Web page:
| MBE GROUP
DEPARTMENT OF CHEMISTRY
The City College of New York
138th Street and Convent Avenue, NY, NY 10031
Maria C. Tamargo
There are several semiconductor materials
projects within our molecular beam epitaxy (MBE) program at City College-CUNY. They
include growth and characterization of new wide bandgap II-VI alloys, nano-structures for
visible light emitters, and in-situ patterning by selected area epitaxy (SAE). Our
facilities consist of a two chamber MBE growth system with connecting UHV modules and a
metal deposition chamber. Characterization instruments include a photoluminescence set-up,
a Hall effect measurement apparatus, single and double crystal X-ray diffractometers, a
Nomarski interference microscope, an electrochemical capacitance-voltage (ECV) profiler
and C-V and IV probes.
In the past several years, we have investigated the
growth and properties of a family of wide bandgap II-VI alloys, ZnCdMgSe, grown
lattice-matched to InP substrates (see figure1). By optimizing the growth conditions we
have reduced defect densities to the levels comparable to those of other II-VI materials
grown on GaAs. These new alloys and heterostructures possess properties (band structure,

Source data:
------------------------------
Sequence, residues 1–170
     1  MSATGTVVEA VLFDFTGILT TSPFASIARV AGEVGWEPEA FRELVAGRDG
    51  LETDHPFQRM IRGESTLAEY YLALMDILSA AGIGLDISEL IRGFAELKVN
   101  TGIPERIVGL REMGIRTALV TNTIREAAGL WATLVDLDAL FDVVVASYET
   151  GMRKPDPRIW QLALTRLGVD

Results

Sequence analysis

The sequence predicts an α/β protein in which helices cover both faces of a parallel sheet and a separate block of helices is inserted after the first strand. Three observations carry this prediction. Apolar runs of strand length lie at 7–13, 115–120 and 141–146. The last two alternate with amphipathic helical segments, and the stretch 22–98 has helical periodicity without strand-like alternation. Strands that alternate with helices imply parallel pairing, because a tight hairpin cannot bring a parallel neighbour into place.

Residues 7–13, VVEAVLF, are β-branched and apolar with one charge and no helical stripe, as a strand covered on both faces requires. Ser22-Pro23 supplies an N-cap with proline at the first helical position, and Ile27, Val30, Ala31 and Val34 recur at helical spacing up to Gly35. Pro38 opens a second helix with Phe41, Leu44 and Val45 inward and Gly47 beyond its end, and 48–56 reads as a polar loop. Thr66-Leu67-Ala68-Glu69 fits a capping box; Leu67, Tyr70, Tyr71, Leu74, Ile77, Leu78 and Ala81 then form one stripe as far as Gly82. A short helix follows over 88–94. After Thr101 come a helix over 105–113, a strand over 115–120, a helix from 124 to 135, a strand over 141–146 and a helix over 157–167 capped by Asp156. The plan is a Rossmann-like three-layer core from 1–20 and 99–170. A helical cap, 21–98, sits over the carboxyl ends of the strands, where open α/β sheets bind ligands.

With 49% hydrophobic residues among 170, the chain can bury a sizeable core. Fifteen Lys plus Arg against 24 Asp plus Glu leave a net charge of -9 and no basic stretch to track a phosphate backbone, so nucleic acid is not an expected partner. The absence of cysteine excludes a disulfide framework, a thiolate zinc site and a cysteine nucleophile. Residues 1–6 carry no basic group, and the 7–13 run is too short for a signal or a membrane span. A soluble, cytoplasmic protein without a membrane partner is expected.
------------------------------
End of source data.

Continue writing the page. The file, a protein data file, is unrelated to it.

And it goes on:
lattice constants, band offsets, doping properties) that are attractive and offer some
advantages for the design of improved visible semiconductor lasers and light emitting
diodes (LED's). These devices are of interest for optical recording, displays and
communications applications. We have made LEDs with electroluminescence
in the red, green and blue (R-G-B) region of the visible range (see figure 2). These
LEDs have identical structures except for the thickness or composition of the QW
active layer. We have also made photopumped lasers in the R-G-B (see figure 3). The
possibility of fabricating VCSELs is being explored by developing distributed
Bragg reflector (DBR) structures from these materials.
Bipolar doping of wide bandgap II-VI compounds is
another area of research we pursue. In collaboration with Prof. G. Neumark and her
group at Columbia University, we are exploring non-equilibrium doping techniques, such as d-doping, to enhance the activation of acceptors in ZnSe and other
wide bandgap semiconductors (see figure 4).
New alloys including BeSe and BeTe semiconductors are also being pursued. Be-chalcogenides are expected to impart hardness to the materials due to their strong covalent bonding character. We have recently observed a new (2 ´ 1) Be-terminated reconstruction on the GaAs (100) surface which provides a excellent surface for II-VI/III-V heteroepitaxy.
In-situ patterning enables fabrication of devices within the growth environment and thus can greatly improve the processing yields of device fabrication. We have recently demonstrated the technique of selected area epitaxy (SAE) during MBE growth to obtain lateral patterning of CdTe layers for IR detector arrays. More recently, these techniques are being applied to the ZnCdSe/ZnCdMgSe materials to integrate R-G-B emitters on a single substrate.